Educating People About Climate Change
NSF grant makes interdisciplinary USF team part of national effort to increase climate science literacy.
USF.edu News Writer
TAMPA, Fla. (Oct. 6, 2010) – A complex and interdisciplinary subject, climate science is not easy to teach. Nonetheless, University of South Florida Geology Professor and Department Chair Jeffrey Ryan says it is essential for people to have a basic, scientific grasp of the environmental changes taking place and their impacts so they can make critical decisions affecting their lives.
“No matter what you attribute it to, it’s clear that weather patterns are changing,” Ryan said. “Rainfall patterns are changing. Seasons are becoming more extreme. Hurricanes more numerous. And all of these changes, which are well documented through direct measurements, affect everything that happens in your life. Where you grow crops. Where you can build your house. If there is water available to drink. It’s all connected.”
Helping people make those connections – educating students, teachers and the general public about global climate change and its impact – is at the heart of a new National Science Foundation (NSF) program: The Climate Change Education Partnership. And thanks to a recent $974,000 grant, USF is on the ground floor of the innovative education initiative.
“The National Science Foundation is concerned about what appears to be a lack of understanding among U.S. citizens of what climate change is and how it affects their lives,” said Allan Feldman, professor of science education in the College of Education’s Department of Secondary Education. “Therefore, it has begun a major effort to develop new ways to educate the public about the issue.”
An interdisciplinary team of faculty from three USF colleges – Arts and Sciences, Education and Marine Science – was awarded the grant to develop implementable education and outreach plans related to climate change. The team, which includes the Hillsborough County School System, the Florida Aquarium and the University of Puerto Rico, represents one of 15 projects nationwide selected to participate in the NSF initiative.
Ryan is lead investigator, with co-principal investigators Feldman, Frank Muller-Karger from the College of Marine Science, and Fernando Gilbes from the University of Puerto Rico. Their project is called the Coastal Areas Climate Change Education (CACCE) Partnership. The USF-led team will focus on the impacts of climate change in coastal areas with sea level change as its core theme.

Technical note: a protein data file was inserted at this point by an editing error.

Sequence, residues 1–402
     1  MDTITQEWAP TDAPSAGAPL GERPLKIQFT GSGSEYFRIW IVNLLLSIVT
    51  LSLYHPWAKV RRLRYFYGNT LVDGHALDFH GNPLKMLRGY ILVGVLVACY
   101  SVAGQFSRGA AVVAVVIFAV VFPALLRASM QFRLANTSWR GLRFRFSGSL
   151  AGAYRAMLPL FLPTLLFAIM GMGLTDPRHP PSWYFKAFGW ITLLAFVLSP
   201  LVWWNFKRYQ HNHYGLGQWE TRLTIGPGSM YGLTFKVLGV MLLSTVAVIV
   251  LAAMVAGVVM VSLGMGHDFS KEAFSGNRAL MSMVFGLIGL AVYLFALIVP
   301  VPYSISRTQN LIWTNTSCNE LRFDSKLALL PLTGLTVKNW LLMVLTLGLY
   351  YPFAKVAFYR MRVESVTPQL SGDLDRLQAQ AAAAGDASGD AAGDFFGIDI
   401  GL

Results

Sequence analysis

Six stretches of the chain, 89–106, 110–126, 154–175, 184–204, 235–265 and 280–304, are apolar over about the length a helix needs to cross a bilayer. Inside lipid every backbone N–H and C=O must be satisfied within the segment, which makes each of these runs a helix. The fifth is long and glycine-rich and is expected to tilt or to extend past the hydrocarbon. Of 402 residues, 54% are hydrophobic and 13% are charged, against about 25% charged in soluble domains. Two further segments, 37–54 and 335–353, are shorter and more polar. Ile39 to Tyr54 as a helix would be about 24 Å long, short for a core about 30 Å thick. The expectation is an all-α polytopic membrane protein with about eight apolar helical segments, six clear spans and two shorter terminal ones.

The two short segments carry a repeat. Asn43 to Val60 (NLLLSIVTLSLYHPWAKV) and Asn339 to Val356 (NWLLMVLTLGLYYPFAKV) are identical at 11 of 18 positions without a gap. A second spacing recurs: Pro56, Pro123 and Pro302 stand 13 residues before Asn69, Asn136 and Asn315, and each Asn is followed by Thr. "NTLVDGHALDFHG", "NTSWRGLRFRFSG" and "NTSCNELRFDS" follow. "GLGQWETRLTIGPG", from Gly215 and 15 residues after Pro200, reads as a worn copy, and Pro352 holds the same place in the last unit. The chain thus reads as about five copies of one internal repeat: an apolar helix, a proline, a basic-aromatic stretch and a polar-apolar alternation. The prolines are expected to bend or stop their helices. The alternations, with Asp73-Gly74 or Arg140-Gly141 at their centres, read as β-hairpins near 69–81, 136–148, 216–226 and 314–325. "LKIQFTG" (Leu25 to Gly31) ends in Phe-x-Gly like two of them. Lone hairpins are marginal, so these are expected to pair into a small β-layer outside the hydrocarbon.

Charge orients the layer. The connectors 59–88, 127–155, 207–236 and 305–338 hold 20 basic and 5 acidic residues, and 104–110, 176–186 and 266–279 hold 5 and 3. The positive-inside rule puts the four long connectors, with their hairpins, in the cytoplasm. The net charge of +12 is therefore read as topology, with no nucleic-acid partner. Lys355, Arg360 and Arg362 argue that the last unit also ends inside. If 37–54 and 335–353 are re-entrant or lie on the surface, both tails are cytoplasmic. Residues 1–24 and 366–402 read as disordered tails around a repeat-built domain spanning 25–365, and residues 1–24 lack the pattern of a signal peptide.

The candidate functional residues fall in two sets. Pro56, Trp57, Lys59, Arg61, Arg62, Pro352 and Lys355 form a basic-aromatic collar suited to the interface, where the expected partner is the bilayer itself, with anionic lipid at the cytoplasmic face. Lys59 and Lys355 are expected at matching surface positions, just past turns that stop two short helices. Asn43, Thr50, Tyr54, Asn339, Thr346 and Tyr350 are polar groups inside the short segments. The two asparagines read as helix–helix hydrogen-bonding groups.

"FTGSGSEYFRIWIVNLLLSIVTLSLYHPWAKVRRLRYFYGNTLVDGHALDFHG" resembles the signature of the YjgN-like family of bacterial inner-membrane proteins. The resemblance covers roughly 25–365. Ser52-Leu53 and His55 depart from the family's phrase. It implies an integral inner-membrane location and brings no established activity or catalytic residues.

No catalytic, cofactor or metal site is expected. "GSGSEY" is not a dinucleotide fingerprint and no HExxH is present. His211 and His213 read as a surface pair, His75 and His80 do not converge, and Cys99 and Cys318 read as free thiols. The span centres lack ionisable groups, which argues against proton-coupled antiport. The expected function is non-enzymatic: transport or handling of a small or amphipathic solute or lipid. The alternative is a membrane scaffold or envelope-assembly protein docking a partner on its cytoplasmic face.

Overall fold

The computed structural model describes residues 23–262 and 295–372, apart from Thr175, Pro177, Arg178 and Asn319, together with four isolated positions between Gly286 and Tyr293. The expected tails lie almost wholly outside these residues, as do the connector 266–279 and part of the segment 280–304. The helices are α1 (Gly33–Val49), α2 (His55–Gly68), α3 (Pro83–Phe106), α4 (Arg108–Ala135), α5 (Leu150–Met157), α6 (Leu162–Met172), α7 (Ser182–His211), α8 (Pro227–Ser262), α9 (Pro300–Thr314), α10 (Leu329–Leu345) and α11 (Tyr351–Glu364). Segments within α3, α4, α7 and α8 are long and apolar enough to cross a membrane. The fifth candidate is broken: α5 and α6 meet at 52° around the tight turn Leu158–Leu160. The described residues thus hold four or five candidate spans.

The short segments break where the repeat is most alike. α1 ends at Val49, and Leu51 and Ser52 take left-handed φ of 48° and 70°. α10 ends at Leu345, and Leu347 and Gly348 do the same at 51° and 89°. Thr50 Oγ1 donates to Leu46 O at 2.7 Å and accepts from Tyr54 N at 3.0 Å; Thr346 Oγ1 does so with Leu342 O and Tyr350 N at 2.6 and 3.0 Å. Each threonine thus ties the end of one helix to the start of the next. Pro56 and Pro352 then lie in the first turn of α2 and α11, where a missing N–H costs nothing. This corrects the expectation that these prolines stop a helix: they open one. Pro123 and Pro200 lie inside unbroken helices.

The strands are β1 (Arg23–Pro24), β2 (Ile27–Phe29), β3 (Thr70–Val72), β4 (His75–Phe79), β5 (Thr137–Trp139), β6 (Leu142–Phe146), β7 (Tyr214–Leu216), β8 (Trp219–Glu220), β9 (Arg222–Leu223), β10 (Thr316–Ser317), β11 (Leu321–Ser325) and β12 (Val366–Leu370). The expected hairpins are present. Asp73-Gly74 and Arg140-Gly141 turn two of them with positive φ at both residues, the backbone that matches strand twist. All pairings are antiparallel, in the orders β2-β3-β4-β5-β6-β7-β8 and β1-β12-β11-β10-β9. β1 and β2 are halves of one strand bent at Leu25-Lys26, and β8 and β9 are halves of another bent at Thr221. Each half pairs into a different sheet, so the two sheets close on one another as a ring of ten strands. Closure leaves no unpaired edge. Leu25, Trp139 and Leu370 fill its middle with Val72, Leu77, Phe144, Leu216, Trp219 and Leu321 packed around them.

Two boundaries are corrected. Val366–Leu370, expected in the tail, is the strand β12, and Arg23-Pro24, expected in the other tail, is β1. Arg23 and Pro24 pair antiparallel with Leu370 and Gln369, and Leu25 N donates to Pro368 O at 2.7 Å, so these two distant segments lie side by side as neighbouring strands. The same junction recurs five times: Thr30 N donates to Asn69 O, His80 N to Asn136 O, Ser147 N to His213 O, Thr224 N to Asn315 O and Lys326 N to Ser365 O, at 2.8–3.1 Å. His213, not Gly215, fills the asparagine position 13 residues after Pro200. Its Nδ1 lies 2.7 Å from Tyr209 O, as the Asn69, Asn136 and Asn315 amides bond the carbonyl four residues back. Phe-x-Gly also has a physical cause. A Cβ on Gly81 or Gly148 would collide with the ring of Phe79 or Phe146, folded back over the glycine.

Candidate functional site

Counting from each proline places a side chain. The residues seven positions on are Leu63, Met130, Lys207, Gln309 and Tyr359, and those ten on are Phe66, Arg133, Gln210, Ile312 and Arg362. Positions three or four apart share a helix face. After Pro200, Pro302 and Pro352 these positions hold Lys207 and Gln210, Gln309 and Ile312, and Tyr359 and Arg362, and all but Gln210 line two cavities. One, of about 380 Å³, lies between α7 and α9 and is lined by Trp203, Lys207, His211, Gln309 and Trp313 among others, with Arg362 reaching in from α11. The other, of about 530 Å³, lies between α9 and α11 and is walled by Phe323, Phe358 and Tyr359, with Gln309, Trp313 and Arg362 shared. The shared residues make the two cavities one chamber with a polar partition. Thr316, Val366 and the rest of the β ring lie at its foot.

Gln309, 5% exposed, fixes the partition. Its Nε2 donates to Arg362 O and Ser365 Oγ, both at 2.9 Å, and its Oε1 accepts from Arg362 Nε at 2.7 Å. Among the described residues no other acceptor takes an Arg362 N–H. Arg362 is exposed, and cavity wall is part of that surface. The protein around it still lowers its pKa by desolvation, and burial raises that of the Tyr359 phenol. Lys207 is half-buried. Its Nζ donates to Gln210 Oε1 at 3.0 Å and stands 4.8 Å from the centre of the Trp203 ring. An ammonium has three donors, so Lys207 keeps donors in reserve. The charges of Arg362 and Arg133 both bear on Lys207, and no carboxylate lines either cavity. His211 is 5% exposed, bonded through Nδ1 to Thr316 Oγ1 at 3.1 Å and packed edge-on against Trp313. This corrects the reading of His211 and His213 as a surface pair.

“We are specifically interested in addressing the impacts of climate change that manifest themselves in low-lying coastal areas in Florida and the Caribbean,” said Ryan. “So we’re initially focusing on issues related to sea level rise and freshwater resources.”
According to Ryan, it’s a natural starting point in a region that is not very far above sea level. “The manifestations of changing sea levels are something you can see and measure, how much shoreline there is, how far away barrier islands are. Changes in sea level can impact life in low-lying areas dramatically.”
The same is true for freshwater resources. “Changing rainfall patterns affect the recharging of the Florida aquifer. And that can affect things like whether a sinkhole opens up if you pump too much water out of the aquifer, as happened across Hillsborough County last winter,” said Ryan.
The objectives of the USF project are threefold.
“The first goal is gathering the information that’s already out there about how to teach people of all ages, students and adults, about climate change,” said Feldman. This inventory of educational resources will become part of a USF CACCE portal to be hosted in by the USF Library.
The second part of the project is to develop and pilot new approaches for engaging students, educators and citizens in climate-related issues and helping them learn about climate change and its effects on coastal regions.
And the third objective is to develop broader partnerships, geographically spanning the Gulf and Caribbean, and including private sector organizations, governmental agencies and educational institutions – schools, as well as educators in informal learning settings such as museum and parks.
Current community partners, Hillsborough County Schools led by science coordinator Larry Plank; and the Florida Aquarium, led by vice president for education Debbi Stone, will help gather information about citizen’s perceptions of climate change and will serve as sites for testing new educational methods.
“Everyone should be conversant about climate change,” said Ryan. “It affects us every day in the most insidious of ways. This grant is all about education and trying to improve learning about climate change so that the public can connect all the dots and make sensible decisions that affect our future.”
Mary Beth Erskine can be reached at 813-974-6993.